Take a break between each draw and hold cycle. You want to train your muscles, and you don’t want any injuries. This is a great time to turn down your bow’s poundage to make the process all the easier. After a quick break, repeat this process 20 or 30 more times. Again, don’t fire a single arrow, and don’t try to aim at anything on the target. The target is blank, and you want to learn to breathe and trust your pin float.
TIME TO FIRE
If you did your job, you spent seven days focusing on proper grip, anchor, and learning to trust your pin float. Starting on day 8, stand 10 yards from the same blank-faced target. No dots. No vitals. Nothing. Go through your process. Only this time, while you’re aiming, keep fighting for the center of the center. Imagine a pair of lines — one running vertically through the target’s center and another running horizontally through the target’s center. Let your pin float in this area, and as it’s floating, let the release fire the bow.
You don’t fire the bow. The release fires the bow. Your job is to stay strong in the front and strong in the back. Forget about the wind or any other distraction. Your job is to make the best shot possible. Keep aiming and focusing until the arrow is gone. If at any point during this practice session you manipulate a shot on your own, hit the reset button and start again. You have to learn to give up control — to trust your shot process and muscle memory. If you keep fighting for the center of the center, you’ll be shocked at how accurate you can become.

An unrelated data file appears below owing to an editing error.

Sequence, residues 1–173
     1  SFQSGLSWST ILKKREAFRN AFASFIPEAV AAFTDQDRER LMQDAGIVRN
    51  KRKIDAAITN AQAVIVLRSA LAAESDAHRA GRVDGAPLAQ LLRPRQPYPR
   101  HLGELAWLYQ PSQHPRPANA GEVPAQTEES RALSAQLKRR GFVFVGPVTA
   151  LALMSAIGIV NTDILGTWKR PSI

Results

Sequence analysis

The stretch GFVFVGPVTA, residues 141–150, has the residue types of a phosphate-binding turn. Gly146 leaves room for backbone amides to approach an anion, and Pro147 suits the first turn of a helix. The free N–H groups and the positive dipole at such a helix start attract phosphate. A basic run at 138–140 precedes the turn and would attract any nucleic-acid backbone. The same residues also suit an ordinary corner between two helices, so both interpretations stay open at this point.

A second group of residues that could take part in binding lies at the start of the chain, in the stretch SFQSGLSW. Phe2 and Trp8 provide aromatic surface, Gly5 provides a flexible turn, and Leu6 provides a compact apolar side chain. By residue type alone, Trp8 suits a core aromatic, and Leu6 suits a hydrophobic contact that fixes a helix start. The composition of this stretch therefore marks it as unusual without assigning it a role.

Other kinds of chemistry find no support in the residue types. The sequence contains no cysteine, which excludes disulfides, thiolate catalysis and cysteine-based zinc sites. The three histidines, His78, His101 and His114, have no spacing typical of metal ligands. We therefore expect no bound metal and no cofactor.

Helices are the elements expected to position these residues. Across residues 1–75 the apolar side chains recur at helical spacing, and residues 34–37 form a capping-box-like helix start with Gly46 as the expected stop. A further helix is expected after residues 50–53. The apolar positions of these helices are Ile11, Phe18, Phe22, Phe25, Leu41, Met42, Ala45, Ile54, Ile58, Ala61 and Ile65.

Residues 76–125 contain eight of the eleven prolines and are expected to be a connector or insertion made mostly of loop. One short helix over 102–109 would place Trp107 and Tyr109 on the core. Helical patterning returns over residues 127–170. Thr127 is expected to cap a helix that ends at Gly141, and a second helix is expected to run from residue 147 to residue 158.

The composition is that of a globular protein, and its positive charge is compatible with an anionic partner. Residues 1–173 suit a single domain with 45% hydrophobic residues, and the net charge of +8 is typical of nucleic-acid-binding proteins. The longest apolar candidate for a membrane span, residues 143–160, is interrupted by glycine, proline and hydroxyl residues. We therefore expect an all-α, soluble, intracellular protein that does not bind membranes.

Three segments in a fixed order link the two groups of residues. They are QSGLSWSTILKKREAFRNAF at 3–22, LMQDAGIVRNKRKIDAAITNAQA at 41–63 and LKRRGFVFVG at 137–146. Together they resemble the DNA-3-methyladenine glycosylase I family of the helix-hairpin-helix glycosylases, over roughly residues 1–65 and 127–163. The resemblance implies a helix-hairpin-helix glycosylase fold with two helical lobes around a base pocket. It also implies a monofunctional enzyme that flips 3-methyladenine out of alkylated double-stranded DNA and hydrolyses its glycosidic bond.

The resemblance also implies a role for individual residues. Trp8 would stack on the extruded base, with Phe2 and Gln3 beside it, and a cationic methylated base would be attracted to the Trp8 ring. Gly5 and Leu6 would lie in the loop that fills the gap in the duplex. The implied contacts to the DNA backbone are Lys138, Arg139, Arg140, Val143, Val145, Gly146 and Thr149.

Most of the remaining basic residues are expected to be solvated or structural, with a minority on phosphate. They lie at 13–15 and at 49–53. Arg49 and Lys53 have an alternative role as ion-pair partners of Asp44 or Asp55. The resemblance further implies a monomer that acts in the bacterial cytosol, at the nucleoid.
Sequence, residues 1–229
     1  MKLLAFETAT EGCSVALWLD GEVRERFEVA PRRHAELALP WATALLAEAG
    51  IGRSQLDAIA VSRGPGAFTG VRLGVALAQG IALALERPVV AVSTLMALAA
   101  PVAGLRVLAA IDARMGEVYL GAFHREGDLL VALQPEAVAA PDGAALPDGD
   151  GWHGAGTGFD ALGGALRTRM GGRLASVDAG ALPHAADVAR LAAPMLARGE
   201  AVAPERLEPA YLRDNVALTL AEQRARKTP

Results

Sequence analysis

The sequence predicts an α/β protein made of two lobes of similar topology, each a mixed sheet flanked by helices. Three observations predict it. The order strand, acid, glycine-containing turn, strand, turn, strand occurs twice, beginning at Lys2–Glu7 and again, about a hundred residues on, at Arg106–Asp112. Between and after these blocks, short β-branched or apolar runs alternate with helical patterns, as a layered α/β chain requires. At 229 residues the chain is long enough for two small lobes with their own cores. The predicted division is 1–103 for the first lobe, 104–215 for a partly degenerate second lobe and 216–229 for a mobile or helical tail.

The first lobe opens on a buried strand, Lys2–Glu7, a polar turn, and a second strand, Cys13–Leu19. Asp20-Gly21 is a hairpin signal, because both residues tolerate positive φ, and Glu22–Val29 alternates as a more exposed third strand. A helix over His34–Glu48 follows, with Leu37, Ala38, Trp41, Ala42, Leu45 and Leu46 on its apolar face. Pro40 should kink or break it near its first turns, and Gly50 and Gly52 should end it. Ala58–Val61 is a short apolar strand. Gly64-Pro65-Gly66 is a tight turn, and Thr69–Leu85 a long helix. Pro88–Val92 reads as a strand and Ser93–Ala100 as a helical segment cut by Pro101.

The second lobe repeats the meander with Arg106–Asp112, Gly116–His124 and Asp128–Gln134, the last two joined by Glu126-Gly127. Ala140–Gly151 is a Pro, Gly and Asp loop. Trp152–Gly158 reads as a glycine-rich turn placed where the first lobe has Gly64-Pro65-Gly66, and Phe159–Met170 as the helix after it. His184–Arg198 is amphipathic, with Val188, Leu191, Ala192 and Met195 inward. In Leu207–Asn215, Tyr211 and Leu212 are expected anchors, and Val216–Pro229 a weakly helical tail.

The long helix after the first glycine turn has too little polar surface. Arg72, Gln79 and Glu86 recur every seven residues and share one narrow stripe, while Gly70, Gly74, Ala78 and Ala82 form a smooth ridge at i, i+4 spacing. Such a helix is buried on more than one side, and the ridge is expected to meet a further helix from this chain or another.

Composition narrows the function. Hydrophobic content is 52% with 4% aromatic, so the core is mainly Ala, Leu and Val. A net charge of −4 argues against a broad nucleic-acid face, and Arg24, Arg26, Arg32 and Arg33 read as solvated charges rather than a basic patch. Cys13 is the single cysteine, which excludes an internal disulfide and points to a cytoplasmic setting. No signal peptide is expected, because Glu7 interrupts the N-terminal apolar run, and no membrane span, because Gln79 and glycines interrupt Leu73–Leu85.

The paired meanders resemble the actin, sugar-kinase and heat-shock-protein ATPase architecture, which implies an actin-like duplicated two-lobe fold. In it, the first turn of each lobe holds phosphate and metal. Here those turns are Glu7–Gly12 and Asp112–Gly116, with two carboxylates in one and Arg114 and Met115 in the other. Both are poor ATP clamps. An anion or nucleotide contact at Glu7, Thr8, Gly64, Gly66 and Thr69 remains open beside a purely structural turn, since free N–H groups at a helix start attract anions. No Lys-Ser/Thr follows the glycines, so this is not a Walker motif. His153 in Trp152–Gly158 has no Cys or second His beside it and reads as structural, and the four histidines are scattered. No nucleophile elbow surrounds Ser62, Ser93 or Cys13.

From days 8 through 14, this is where you will live —no aiming points and no further from the target than 10 yards. Execute perfect arrow after perfect arrow. When the shooting session is over, reflect on how the day went. Focus is key. I recommend keeping a shooting journal. Remember, you’re trying to break a habit, and breaking a habit is no easy task.
BACK IT UP
Starting on day 15, once again, you’ll begin 10 yards from the blank-face target. Do everything perfectly and execute a perfect arrow. If you did your job, pull the arrow from the target. Leave it in, and you may start trying to aim at the fletchings, and it’s not time for that. Back up to 20 yards and repeat the process. Remember, you’re not aiming at a spot; rather, you’re fighting for the center and releasing the bow fire. Keep pulling arrows and moving back as far as you feel comfortable. If anxiety and worry start to creep in at a certain distance, don’t get frustrated. Take a breath, grab some water and move back in. Shooting a bow should be pure joy. As soon as it isn’t, problems arise. From day 15 through day 21, this is your job, day in and day out. The goal is a perfect grip, exact anchor, firm in the front and strong in the back, and a clear focus on letting the release fire the bow.
GRAB A 3D
Many studies show it takes 21 days to break a habit. You did it. You’re there, and your target panic is behind you. Today, say goodbye to the blank face target and add a 3D target. I like a 3D over a spot or dot target because aside from the hard-to-see scoring rings, you have no exact aiming point. Start at 20 yards, go through your process, and make a killing shot. Do not focus on a 10- or 12-ring shot. The goal is center-of-the-center and letting that pin float while you push and pull through the shot. The sky is now the limit. Shoot your 3D as far back as you’d like. However, I don’t mean to beat a dead horse but move up if shooting anxiety creeps in.
You got this. You’re ready to put carbon through lungs come fall.